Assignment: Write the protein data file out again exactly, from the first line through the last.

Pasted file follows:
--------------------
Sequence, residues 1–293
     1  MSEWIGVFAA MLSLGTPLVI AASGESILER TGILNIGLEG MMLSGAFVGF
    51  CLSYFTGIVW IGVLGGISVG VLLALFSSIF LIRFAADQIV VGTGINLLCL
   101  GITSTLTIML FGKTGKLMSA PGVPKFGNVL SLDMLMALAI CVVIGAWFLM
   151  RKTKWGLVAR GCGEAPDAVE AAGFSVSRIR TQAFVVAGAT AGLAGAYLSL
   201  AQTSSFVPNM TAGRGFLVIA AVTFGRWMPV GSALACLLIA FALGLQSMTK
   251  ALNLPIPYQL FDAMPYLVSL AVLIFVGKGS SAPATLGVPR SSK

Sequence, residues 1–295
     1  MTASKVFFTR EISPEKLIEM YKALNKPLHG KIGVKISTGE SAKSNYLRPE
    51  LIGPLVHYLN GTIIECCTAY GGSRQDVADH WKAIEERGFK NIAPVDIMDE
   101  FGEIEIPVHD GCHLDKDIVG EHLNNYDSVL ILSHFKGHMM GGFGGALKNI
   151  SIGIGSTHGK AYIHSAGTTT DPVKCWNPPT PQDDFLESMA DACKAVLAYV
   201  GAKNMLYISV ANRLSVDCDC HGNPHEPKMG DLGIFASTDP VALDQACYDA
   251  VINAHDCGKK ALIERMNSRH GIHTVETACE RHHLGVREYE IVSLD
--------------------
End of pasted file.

Sequence, residues 1–293
     1  MSEWIGVFAA MLSLGTPLVI AASGESILER TGILNIGLEG MMLSGAFVGF
    51  CLSYFTGIVW IGVLGGISVG VLLALFSSIF LIRFAADQIV VGTGINLLCL
   101  GITSTLTIML FGKTGKLMSA PGVPKFGNVL SLDMLMALAI CVVIGAWFLM
   151  RKTKWGLVAR GCGEAPDAVE AAGFSVSRIR TQAFVVAGAT AGLAGAYLSL
   201  AQTSSFVPNM TAGRGFLVIA AVTFGRWMPV GSALACLLIA FALGLQSMTK
   251  ALNLPIPYQL FDAMPYLVSL AVLIFVGKGS SAPATLGVPR SSK

Sequence, residues 1–295
     1  MTASKVFFTR EISPEKLIEM YKALNKPLHG KIGVKISTGE SAKSNYLRPE
    51  LIGPLVHYLN GTIIECCTAY GGSRQDVADH WKAIEERGFK NIAPVDIMDE
   101  FGEIEIPVHD GCHLDKDIVG EHLNNYDSVL ILSHFKGHMM GGFGGALKNI
   151  SIGIGSTHGK AYIHSAGTTT DPVKCWNPPT PQDDFLESMA DACKAVLAYV
   201  GAKNMLYISV ANRLSVDCDC HGNPHEPKMG DLGIFASTDP VALDQACYDA
   251  VINAHDCGKK ALIERMNSRH GIHTVETACE RHHLGVREYE IVSLD